Wednesday June 23, 2021 / June 10, 2021
Afterfeast of Pentecost. Tone seven.
Fast-free Week. Fast-free
Hieromartyr Timothy, bishop of Prusa (362). Finding of the relics (1609) of St. Basil, bishop of Ryazan (1295). Synaxis of All Saints of Riazan. St. John Maximovitch, Metropolitan of Tobolsk (1715). Synaxis of All Saints of Tobolsk Metropolia. Synaxis of All Saints of Siberia: St. Innocent, bishop of Irkutsk (1731); St. Macarius (Glukharev) of Altai (1847); St. Macarius (Nevsky), metropolitan of Moscow, apostle to Altai (1926); and others. New Hieromartyr Timothy priest (1940). St. Tamara the Confessor (1936) (Georgia). Venerable Silvanus of the Far Caves in Kiev (14th c.). Martyr Alexander and Virgin-martyr Antonina at Constantinople (313). Venerable Theophanes, monk, of Antioch (363), and St. Pansemne, the former harlot of Antioch. St. Bassian, bishop of Lodi in Lombardy (409).
John 10:1-9 Matins Gospel
Hebrews 13:17-21 St. Basil
John 10:9-16 St. Basil
Pentecost (also called Trinity Day or Descent of the Holy Spirit) is one of the Great Feasts of the Orthodox Church, celebrated fifty days after Pascha (thus always falling on a Sunday, this year: June 20, 2021, next year: June 12, 2022, and June 4, 2023, the year after that.)
Day of Pentecost
Fifty days after the Resurrection, on the excising Jewish feast of Pentecost, while the disciples and many other followers of Jesus Christ were gathered together to pray, the Holy Spirit descended upon them in the form of “cloven tongues of fire,” with the sound of a mighty rushing wind, and they began to speak in languages that they did not know. There were many visitors from the Jewish diaspora to Jerusalem at that time for the Jewish observance of the feast, and they were astonished to hear these untaught fisherman speaking praises to God in their alien tongues. This account is detailed in the Acts of the Apostles, chapter 2.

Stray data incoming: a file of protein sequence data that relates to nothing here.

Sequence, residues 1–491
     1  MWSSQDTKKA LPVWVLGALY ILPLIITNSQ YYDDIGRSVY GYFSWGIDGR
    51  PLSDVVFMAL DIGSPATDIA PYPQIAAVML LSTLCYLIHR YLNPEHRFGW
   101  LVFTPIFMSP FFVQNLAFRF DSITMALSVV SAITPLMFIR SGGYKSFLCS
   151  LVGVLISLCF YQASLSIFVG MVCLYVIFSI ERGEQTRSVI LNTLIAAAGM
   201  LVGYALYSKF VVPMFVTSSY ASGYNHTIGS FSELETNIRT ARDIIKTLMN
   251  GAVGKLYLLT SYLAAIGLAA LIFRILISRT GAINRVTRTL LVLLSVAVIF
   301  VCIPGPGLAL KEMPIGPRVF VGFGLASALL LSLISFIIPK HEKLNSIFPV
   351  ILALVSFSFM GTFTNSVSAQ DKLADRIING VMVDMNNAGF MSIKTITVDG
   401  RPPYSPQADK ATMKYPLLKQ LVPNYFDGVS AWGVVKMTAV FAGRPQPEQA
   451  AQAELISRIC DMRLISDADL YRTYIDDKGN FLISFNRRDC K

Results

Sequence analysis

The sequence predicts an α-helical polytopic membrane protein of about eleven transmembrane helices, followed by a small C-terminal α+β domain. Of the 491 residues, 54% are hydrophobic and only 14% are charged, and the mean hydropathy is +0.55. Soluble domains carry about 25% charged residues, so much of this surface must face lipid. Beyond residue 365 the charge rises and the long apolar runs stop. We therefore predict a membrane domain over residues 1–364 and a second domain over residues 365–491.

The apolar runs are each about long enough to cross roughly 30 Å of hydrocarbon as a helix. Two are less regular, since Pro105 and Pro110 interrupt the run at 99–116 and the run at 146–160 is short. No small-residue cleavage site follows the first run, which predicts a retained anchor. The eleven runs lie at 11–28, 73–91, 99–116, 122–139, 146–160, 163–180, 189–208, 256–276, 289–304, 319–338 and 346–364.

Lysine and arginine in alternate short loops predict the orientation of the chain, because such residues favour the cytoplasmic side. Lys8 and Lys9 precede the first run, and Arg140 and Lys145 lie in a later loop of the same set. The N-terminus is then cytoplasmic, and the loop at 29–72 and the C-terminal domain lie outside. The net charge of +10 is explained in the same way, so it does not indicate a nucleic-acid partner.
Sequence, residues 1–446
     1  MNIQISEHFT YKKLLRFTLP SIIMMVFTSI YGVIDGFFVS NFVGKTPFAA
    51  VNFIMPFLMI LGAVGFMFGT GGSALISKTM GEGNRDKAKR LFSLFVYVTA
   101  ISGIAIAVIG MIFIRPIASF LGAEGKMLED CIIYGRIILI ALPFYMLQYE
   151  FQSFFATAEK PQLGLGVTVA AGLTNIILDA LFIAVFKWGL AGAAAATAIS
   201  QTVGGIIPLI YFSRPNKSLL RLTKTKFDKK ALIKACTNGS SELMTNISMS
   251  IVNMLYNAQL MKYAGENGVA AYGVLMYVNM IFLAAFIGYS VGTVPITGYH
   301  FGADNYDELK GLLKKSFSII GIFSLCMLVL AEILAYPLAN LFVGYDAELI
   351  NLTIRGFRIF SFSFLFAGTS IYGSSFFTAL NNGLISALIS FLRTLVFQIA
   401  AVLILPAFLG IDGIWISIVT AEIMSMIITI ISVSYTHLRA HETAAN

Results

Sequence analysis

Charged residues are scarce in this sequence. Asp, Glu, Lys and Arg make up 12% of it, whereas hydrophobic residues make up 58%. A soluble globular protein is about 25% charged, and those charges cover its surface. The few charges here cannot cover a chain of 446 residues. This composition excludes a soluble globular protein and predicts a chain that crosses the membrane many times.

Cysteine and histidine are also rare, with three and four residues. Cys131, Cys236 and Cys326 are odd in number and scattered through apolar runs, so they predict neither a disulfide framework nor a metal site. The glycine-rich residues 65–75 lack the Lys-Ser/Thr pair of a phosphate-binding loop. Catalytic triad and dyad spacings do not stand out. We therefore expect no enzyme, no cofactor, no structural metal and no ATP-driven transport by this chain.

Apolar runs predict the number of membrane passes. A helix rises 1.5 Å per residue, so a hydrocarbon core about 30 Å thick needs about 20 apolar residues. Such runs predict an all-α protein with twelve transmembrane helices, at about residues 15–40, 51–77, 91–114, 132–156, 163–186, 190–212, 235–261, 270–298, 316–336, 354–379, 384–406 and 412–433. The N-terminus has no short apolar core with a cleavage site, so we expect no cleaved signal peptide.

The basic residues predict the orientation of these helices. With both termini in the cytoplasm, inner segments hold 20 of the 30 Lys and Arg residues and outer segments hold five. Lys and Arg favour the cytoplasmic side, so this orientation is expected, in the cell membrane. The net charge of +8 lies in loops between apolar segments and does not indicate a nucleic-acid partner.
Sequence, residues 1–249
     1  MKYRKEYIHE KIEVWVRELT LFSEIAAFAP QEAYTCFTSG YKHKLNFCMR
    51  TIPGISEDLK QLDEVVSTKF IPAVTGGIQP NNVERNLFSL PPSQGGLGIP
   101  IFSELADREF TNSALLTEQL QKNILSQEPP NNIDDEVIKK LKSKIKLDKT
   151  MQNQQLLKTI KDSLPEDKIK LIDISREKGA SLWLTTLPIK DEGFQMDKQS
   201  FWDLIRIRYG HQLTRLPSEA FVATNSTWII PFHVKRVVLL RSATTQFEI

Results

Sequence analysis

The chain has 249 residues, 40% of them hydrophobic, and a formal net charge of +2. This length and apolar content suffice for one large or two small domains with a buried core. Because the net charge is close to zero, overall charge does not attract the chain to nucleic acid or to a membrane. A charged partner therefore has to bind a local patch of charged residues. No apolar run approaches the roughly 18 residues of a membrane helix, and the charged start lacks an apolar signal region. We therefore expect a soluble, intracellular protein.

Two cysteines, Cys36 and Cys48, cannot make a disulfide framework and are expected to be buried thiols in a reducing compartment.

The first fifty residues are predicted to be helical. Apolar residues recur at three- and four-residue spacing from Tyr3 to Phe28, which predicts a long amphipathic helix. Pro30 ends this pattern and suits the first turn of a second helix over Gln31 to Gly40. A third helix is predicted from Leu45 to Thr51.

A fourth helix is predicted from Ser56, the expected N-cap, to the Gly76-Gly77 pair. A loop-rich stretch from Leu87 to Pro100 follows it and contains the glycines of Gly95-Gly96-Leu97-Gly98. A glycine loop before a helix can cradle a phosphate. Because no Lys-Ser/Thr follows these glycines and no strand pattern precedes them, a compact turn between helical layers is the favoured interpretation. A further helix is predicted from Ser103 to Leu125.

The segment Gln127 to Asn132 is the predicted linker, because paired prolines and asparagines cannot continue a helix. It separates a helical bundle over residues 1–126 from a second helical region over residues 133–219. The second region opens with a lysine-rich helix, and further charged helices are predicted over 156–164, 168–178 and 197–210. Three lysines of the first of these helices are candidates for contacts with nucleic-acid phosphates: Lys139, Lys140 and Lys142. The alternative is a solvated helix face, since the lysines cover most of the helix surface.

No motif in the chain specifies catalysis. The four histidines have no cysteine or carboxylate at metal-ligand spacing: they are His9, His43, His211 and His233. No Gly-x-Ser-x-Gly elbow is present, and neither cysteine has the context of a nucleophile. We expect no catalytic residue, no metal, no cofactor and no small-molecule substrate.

The number fifty, as in the fiftieth day after Pascha, stands for eternal and heavenly fulfillment, seven times seven, plus one.
Feast of Pentecost
The Orthodox Church sees Pentecost as the final fulfillment of the mission of Jesus Christ and the first beginning of the messianic age of the Kingdom of God, mystically present in his Church. It is traditionally called the beginning of the One Holy Catholic and Apostolic Church.
Besides celebrating the coming of the Holy Spirit, the feast also celebrates the full revelation of the divine Trinity, Father, Son, and Holy Spirit. Hymns of the Church, celebrate the sign of the final act of God‘s self-disclosure to the world of His creation.
To Orthodox Christians, the feast of Pentecost is not just a celebration of an event in history. It is also a celebration their membership in the Church. They have lived Pentecost and received “the seal of the gift of the Holy Spirit” in the sacrament of chrismation.
Celebration of the feast
For the feast of Pentecost the icon of the Holy Trinity, the three angelic figures who appeared to Abraham, is placed in the center of the church for veneration. This icon is used with the traditional Pentecost icon. The church building is decorated with flowers and the green leaves of the summer to show that God’s divine breath comes to renew all creation. Green vestments and coverings are also used.
In many parishes the feast is celebrated starting the evening before with Great Vespers. Some parishes also serve Matins on the morning of the feast before the Divine Liturgy.
The Liturgy of Saint John Chrysostom with special hymns replacing the standard Antiphons. The hymns O Heavenly King and We have seen the True Light are sung for the first time since Easter, calling the Holy Spirit to “come and abide in us,” and proclaiming that “we have received the heavenly Spirit.”